7. business sector
8. volatile financial markets that appear to be increasingly dependent on, and responsive to, ongoing central bank low-interest rate and easy money policies.
Generational business transition success keys
This list of generational business transition success keys is based on over 45 years of experience observing, consulting to, and interacting with business families. That background has led to the following list of 19 success keys intended to help empower those business families who succeed best in generational business transition when travelling down that road with respect to:
1. their entire business
2. generational transition that includes the arm’s length sale of one or more divisions, business units or subsidiaries of the family
Importantly, in my experience it is these same characteristics that also tend to lead to the most successful arm’s length sales of family businesses.
Here is my list of success keys that empower business families to have a better chance to succeed in generational and multi-generational business transition that they likely otherwise will.
1. They understand their family business risks and returns, and until such time as they elect to sell their business prefer those risks and returns to financial market risks and returns.
2. They believe in the importance, value and urgency of developing, updating, and executing ever evolving systematic business and business transition strategies.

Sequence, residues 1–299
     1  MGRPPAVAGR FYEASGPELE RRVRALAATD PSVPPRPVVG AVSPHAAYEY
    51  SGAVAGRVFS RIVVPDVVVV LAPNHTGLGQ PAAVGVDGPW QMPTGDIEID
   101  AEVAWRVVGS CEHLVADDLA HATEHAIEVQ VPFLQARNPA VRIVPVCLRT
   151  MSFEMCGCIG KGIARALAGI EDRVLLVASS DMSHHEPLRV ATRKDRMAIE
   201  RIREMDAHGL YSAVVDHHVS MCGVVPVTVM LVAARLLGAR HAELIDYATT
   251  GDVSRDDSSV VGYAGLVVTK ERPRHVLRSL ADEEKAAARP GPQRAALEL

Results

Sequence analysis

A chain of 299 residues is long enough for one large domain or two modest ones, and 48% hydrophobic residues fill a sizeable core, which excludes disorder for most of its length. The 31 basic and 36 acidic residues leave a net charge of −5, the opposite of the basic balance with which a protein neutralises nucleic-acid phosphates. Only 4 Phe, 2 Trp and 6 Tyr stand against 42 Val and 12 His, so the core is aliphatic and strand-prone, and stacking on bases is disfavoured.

3. They have an ongoing sense of transition strategizing and planning immediacy.
4. They make a commitment to business transition that requires:
◦ a significant ongoing time commitment.
◦ a substantial annual monetary commitment.
◦ a commitment to continually ensure objective thinking
◦ ongoing dedication to the process.
5. They continually and objectively assess their business with respect to its long-term viability as a going concern in the context of ongoing globalization, economic, technological advances, and in the context of the increasing complexity brought about by these and those other factors mentioned above.
6. They work at all times to maintain a strong balance sheet.
7. They continually satisfy themselves that their business has the ongoing potential to grow in free cash flow and value at least as rapidly as growth in the number of family members who participate in the ownership of the family business.
8. They prioritize their family business ahead of individual family member financial self-interests.
9. They understand and practice the belief when it comes to commercial success of their family business that in the end logic trumps emotion, and they conduct themselves accordingly.